Blessed Severinus Boethius

Author: Rev. Clifford Stevens


Feast: October 22

Boethius is considered by some to be a martyr for the faith, but his sainthood is doubted by others. However, he is listed in <Butler's Life of the Saints> as a martyr, and his story is interesting because of his influence on the thought of the later Middle Ages. He is certainly one of the most outstanding Christian thinkers of the early Christian centuries, and his <Consolation of Philosophy> has inspired saints and martyrs through the centuries.

Blessed Severinus Boethius was one of those rare minds that can assimilate knowledge and pass it on in an understandable form. He planned to translate the whole of Plato and Aristotle into Latin to share the Greek wisdom with his contemporaries. He also wrote a treatise on the Trinity that is considered a major work of Western theology.

He was born when Odoacer, the Ostrogoth, had become ruler of Italy, and when Boethius was thirteen, Odoacer was overthrown by Theodoric. He entered public life in the footsteps of his father and in 510 was made consul by Theodoric.

Theodoric began to suspect that certain of his nobles were plotting with the emperor in Constantinople to overthrow his government, and Albinus, an ex-consul and friend of Boethius', was charged with treason. Boethius defended Albinus in court, was himself accused of being part of the plot, and imprisoned. It was in prison that he wrote his best known work, <The Consolation of Philosophy>. He found no defenders, even among his friends, and not even his father-in-law, Symmachus, stood up for his innocence.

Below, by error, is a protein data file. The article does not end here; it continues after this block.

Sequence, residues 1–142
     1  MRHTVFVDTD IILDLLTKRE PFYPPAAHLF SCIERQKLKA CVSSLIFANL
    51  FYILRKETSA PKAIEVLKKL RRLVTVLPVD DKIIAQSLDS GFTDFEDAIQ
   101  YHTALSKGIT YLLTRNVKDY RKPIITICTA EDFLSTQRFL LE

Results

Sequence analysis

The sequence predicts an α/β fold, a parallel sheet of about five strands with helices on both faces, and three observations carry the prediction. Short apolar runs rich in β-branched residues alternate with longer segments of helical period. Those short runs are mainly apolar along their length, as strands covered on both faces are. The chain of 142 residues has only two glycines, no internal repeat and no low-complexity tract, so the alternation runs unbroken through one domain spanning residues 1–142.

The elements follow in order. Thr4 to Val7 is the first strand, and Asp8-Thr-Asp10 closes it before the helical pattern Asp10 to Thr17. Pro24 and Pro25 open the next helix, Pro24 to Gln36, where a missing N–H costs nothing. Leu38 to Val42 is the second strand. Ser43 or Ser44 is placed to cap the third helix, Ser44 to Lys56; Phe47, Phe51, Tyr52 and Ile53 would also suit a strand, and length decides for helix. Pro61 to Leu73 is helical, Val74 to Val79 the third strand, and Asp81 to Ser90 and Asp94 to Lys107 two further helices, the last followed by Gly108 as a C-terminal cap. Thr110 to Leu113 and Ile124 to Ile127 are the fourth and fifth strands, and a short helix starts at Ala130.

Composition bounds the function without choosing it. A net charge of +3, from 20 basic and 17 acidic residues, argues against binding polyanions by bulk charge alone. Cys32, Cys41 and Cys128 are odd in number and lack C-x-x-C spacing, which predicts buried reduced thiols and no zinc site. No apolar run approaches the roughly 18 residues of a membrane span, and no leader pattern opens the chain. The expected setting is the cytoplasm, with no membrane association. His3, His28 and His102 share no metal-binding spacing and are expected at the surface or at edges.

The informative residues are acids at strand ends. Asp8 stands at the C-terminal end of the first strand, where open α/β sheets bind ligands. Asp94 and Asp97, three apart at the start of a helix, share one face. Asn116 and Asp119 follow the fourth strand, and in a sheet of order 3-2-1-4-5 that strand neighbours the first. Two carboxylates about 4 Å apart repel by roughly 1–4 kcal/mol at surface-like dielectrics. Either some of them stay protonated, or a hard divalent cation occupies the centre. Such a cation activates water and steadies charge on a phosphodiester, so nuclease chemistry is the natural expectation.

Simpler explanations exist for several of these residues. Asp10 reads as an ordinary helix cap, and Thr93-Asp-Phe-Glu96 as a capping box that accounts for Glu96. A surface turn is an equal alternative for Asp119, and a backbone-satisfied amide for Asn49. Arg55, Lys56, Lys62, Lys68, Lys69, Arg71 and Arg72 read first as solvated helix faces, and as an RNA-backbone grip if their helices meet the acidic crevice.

Boethius was cruelly tortured and died a violent death. He was buried in the cathedral at Ticinium, and his relics are now in the church of St. Peter at Pavia.

He was honored as a martyr, since Theodoric was Arian, but the most that can be said is that he died unjustly. The reflective manner in which he faced death was an inspiration to others, and his works were one of the important sources of writings throughout the Middle Ages. He died in the year 524.

Thought for the Day: Blessed Severinus Boethius reflected on the fleetingness of life, how fast it passes, and how unstable human existence is. This made him look beyond his death to a more enduring life. That is a profoundly Christian message, and it is obvious from his life and death that he lived it fully.

From 'The Catholic One Year Bible': Hold tightly to the pattern of truth I taught you, especially concerning the faith and love Christ Jesus offers you. Guard well the splendid, God-given ability you received as a gift from the Holy Spirit, who lives within you.—2 Timothy 1 :13-14

(Taken "The One Year Book of Saints" by Rev. Clifford Stevens, Our Sunday Visitor Publishing Division, Our Sunday Visitor, Inc., Huntington, IN 46750.)